It’s pretty clear where the major automakers stand on federal emissions and fuel economy standards. Barely two days after his election, the Alliance of Automobile Manufacturers sent a letter to Trump urging him to “reform” federal fuel economy, emissions and safety regulations. Last week, executives of 18 automakers sent a second letter reiterating the request for EPA emissions standards to be loosened.
However, at a recent meeting hosted by the Detroit Economic Club (as reported by Detroit News via Green Car Reports), the heads of three major auto suppliers called instead for clarity and stability, which have been in short supply since the new administration took power.
Companies may view regulations as burdensome, but they also value predictability, especially in the auto industry, which regularly makes capital investments in the hundreds of millions of dollars, and measures product cycles in decades.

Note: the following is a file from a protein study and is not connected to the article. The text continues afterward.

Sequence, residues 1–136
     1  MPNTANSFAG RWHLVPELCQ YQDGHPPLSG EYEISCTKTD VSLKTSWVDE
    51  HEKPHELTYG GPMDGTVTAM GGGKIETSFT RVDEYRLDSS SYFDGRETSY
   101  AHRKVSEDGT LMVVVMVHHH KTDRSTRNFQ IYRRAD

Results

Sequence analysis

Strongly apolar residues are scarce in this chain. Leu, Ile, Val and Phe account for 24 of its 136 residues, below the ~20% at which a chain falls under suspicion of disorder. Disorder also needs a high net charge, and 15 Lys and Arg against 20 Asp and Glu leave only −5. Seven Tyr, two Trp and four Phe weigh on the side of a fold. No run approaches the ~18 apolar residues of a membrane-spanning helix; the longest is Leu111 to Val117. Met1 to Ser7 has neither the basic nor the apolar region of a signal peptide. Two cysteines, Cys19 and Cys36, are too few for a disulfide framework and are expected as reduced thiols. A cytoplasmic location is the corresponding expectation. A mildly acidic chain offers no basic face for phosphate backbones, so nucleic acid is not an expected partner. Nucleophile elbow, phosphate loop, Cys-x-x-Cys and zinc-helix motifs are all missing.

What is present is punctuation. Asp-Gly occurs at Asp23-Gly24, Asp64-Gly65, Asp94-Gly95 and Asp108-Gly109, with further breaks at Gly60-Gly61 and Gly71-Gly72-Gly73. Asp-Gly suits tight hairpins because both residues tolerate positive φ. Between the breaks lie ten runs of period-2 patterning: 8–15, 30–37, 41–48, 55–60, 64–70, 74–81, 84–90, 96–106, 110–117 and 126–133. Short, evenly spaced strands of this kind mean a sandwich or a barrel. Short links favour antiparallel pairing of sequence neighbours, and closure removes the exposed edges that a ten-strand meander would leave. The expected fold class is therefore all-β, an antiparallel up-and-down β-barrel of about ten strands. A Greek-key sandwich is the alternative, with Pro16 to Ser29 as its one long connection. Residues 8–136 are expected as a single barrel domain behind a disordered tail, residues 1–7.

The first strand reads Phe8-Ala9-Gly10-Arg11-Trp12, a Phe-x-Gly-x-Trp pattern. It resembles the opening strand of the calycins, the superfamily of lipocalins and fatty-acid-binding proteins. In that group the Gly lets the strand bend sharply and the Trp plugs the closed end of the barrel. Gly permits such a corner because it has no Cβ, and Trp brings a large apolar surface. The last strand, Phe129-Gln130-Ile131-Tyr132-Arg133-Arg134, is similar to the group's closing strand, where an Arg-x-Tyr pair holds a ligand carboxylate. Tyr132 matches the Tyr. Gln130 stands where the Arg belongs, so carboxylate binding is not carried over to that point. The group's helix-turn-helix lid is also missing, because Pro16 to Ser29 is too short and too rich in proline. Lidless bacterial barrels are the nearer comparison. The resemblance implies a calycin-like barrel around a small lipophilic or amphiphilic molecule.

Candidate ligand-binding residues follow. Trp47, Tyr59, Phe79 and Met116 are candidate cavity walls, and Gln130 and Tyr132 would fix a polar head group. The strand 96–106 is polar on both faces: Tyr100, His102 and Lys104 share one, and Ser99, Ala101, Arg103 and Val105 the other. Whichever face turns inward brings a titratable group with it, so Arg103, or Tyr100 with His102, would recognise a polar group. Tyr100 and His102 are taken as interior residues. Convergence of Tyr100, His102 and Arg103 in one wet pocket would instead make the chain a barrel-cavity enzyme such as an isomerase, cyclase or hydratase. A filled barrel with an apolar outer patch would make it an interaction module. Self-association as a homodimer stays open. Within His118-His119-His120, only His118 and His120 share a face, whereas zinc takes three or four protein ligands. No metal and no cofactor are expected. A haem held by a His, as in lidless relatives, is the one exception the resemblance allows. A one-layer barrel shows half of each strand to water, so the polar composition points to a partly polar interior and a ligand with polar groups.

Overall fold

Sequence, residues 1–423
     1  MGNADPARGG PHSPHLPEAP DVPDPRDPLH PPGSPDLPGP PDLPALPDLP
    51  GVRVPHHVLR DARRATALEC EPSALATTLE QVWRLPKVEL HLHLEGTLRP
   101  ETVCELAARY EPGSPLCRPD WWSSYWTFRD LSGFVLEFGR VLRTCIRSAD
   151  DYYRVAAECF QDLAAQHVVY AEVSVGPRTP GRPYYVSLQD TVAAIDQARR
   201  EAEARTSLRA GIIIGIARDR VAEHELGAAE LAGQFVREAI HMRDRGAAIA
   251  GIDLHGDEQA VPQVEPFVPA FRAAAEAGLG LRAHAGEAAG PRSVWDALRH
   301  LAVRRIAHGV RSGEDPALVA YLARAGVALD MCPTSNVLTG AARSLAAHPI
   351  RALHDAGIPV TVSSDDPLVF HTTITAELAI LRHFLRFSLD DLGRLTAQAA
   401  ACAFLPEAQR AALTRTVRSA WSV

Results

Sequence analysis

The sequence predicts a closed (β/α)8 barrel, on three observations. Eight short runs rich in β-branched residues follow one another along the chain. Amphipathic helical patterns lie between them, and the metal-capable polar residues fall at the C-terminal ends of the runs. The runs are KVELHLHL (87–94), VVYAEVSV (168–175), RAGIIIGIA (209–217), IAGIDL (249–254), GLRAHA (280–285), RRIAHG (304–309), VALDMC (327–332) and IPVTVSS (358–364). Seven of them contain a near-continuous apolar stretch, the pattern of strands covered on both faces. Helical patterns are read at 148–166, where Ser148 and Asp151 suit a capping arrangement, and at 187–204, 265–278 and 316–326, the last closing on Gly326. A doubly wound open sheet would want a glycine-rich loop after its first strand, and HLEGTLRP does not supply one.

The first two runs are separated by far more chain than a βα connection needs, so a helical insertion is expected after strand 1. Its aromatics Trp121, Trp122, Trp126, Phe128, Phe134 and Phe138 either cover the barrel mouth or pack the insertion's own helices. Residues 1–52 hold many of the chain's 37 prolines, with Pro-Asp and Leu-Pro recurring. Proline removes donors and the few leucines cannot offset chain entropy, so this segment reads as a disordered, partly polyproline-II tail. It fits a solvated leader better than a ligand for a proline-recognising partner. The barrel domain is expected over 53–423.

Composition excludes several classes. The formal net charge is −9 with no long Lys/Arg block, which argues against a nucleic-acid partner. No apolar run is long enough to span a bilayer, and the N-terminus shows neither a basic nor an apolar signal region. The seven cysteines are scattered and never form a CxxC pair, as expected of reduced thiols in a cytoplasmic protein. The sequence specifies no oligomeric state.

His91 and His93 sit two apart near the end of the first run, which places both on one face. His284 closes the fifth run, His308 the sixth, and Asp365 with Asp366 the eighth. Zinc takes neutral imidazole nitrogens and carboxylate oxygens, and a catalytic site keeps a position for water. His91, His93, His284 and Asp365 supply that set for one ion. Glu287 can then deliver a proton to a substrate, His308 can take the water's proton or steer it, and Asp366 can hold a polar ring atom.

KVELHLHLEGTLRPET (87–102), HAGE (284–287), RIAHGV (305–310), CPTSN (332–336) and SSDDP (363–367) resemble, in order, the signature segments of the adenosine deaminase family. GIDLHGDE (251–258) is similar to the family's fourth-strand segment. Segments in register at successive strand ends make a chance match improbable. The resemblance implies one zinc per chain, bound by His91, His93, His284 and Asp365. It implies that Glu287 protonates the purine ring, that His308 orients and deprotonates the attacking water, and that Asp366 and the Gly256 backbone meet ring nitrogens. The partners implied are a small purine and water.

In today’s globalized auto industry, firms must also consider the policies of other countries. China and the EU seem likely to continue their stricter efficiency standards, regardless of what the US government does.
Matt Simoncini, CEO of Lear, said the absence of details on everything from the president’s border policies to the definition of “imports” leaves companies unable to plan and focus resources. “What we need is clarity of policy and time to react,” he said. “What we have right now is a bunch of vague comments, vague policies, a tax program where we’re not really sure how it’s going to impact us.”
James Verrier, CEO of Borg Warner, said he doesn’t want Trump to reverse the progress made on the Corporate Average Fuel Economy (CAFE) standards. “Do not slow down the pace on CAFE standards,” said Verrier. “We’ve come a long way as an industry and we need to keep going forward. Don’t go backwards and don’t slow down.”